Back to Basics: The Simplicity of KNX in a Complex Environment

Charlotte Blissett-GriffithsBy Charlotte Blissett-Griffiths, Ivory Egg (UK) Ltd.

With KNX celebrating its 25th anniversary this year, there has been a lot of information extolling not only the success that KNX has had, but also the amazing statistics that go with the system.

2015 - the year in which KNX became 25.

2015 – the year in which KNX became 25.

The image that this creates is that KNX is an extremely powerful and versatile system that can control or interface to almost anything. Indeed from BMS (Building Management System) systems such as BACnet to all major AV systems, and even a large number of consumer products such as Phillips Hue or Sonos, KNX has a solution.

Simple Principles

However reassuring this is, what KNX actually does is very simple. Not because the system, or indeed what we are trying to control, is simple, but because the level of interfacing and interaction is simple. In fact, there are really only three levels of control that are required, namely:

• turn something on/off.
• turn something up/down.
• send a value.

For example, control of a standard KNX room thermostat can easily be reduced to the above three parameters. Sure, there are numerous objects and data point types, and of course these are needed for intercommunication, but shutting down the zone when a window is opened, linking to an external temperature sensor or linking the proportional demand output to a manifold controller are all very simple actions. They are just packaged in a format that allows interoperability.

KNX keeps it simple.

KNX keeps it simple.

A Decentralised System

But how can this be simple when we are working with so many complicated devices with numerous functions, parameters and configurations? The key here is the decentralised nature of KNX.

KNX is a bus system that takes advantage of distributed processing. In other words,
since each KNX device has in-built intelligence it has the capability to control its own function, meaning that complex operations can take place before information is required to be sent on the bus.

KNX uses distributed intelligence, which makes it much less susceptible to catastrophic system failure.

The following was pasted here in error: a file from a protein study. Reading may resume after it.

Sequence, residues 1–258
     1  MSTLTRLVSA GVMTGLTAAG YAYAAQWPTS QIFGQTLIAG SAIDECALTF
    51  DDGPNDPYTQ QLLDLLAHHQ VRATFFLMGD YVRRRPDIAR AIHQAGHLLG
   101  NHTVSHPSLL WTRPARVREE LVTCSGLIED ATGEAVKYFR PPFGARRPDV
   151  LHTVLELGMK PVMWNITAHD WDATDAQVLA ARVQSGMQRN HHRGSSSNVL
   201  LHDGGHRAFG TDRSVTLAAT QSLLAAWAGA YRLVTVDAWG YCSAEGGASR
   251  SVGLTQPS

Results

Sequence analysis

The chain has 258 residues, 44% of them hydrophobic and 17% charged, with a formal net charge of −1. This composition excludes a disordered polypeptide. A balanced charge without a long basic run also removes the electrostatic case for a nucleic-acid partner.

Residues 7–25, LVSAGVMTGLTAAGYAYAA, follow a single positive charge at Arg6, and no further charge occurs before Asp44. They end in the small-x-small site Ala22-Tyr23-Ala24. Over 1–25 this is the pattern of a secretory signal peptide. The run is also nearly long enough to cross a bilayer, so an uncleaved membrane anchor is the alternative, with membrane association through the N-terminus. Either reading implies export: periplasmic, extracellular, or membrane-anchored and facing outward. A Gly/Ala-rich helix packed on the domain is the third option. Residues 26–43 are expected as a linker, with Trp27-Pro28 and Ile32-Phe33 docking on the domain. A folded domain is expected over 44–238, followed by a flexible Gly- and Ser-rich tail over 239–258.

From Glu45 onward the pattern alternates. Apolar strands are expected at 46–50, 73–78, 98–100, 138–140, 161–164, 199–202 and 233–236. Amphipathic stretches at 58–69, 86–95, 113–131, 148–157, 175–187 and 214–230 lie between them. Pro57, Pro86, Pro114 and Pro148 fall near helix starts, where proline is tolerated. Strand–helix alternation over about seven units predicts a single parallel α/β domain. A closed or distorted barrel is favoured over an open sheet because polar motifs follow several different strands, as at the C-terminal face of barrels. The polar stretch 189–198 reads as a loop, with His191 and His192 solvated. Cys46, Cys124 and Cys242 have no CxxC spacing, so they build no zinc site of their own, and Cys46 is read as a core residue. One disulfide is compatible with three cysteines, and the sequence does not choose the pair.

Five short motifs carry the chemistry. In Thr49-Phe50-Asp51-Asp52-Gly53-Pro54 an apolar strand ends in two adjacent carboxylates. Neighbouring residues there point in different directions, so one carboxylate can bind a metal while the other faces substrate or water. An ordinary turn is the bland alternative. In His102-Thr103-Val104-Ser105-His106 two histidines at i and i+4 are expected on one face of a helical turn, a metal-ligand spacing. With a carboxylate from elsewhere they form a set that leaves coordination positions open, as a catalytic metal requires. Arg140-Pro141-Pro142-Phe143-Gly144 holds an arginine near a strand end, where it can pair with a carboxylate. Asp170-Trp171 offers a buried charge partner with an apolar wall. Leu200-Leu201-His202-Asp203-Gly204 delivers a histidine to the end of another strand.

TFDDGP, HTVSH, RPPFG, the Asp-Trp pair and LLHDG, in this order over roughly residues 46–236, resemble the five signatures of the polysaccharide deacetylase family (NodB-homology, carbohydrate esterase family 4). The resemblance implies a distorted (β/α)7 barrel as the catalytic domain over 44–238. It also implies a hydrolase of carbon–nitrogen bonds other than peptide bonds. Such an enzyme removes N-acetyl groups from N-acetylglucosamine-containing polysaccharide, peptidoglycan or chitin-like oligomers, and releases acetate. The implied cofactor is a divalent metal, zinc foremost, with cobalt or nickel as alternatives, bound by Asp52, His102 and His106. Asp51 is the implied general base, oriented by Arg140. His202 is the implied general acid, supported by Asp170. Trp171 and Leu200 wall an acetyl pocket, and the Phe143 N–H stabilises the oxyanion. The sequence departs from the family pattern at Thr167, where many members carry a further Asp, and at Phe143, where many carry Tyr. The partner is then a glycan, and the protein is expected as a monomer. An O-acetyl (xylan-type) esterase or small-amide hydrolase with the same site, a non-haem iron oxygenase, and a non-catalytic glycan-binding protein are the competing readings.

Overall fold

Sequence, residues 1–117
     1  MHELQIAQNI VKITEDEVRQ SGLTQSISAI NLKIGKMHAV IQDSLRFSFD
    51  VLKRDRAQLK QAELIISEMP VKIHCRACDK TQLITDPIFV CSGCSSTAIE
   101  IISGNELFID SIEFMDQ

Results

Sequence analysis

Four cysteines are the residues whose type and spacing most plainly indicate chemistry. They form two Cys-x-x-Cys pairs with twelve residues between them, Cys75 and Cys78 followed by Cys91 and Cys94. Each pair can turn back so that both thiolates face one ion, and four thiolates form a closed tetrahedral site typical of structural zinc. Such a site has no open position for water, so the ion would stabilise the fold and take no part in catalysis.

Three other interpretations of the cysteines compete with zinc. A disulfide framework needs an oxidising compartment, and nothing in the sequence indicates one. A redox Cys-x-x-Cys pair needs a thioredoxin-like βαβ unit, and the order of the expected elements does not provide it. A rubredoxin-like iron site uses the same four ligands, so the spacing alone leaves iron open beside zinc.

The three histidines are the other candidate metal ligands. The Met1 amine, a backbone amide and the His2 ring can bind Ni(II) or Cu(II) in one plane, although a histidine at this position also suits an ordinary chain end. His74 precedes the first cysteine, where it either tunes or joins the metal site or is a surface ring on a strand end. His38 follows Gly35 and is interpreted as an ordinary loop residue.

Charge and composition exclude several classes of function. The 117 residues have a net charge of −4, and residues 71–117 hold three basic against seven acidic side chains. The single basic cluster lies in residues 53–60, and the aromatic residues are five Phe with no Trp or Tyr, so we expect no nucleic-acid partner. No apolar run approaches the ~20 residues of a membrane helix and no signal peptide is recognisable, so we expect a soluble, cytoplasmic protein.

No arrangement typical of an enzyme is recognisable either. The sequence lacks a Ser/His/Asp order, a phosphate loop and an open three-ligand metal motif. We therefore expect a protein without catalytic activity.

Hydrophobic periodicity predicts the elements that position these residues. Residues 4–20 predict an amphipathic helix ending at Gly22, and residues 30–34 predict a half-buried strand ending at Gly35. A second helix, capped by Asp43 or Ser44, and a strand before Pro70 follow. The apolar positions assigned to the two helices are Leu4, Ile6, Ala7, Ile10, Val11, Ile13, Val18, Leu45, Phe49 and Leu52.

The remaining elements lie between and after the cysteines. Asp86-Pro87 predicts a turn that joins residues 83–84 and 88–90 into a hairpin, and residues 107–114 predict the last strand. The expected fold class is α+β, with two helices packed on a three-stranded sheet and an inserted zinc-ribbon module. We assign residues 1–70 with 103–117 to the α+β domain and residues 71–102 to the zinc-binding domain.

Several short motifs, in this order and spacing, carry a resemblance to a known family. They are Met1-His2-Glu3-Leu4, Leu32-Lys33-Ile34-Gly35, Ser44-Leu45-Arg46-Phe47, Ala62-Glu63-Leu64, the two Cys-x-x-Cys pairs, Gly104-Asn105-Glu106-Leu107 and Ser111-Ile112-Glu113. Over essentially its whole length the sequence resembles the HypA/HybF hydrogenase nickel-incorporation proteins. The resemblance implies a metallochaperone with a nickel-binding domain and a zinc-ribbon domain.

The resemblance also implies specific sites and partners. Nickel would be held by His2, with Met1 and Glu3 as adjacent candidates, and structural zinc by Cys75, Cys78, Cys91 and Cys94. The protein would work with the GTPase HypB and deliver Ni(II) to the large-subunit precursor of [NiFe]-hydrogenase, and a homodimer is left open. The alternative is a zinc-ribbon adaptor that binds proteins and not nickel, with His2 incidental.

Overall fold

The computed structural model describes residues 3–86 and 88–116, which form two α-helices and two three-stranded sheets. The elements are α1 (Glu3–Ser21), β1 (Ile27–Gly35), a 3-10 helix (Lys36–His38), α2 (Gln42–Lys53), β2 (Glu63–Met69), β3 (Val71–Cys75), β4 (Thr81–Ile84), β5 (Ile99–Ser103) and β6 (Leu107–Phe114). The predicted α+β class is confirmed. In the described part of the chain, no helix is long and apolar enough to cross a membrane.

KNX uses distributed intelligence, which makes it much less susceptible to catastrophic system failure.

Some might argue that this increases the complexity because a KNX system can comprise numerous devices that require configuration, as opposed to a more traditional BMS or AV system that is managed centrally in one device. This may be true, but the beauty of KNX is in the default settings. Sure, there are a lot of items to configure, but in most cases, the default settings of a device as they appear in the software used to commission KNX projects, are correct for most applications. In any case, the sheer number of devices possible with KNX makes central intelligence impractical.

ETS (Engineering Tool Software) is used to program KNX projects.

ETS (Engineering Tool Software) is used to program KNX projects.


Even the software used to commission KNX projects, namely ETS, is not that complicated, although it may seem so on the surface. To configure a project from beginning to end, there are only seven individual steps, and some of these are very simple, such as creating and naming the project. Of course, there is a lot more to learn and understand about the software, but there is no need to overcomplicate it.


A KNX system works by breaking communication down to basic messages on a bus made of twisted pair cable, while the required logic and intelligence is performed within the connected devices. This allows KNX to become a scalable, intelligent and powerful system. Pretty simple really – just like turning something on or off.

Charlotte Blissett-Griffiths is the Marketing Coordinator for Ivory Egg (UK) Ltd, a supplier of leading KNX products and provider of KNX training courses. Ivory Egg runs a number of training courses on how to achieve heating/cooling control with KNX.

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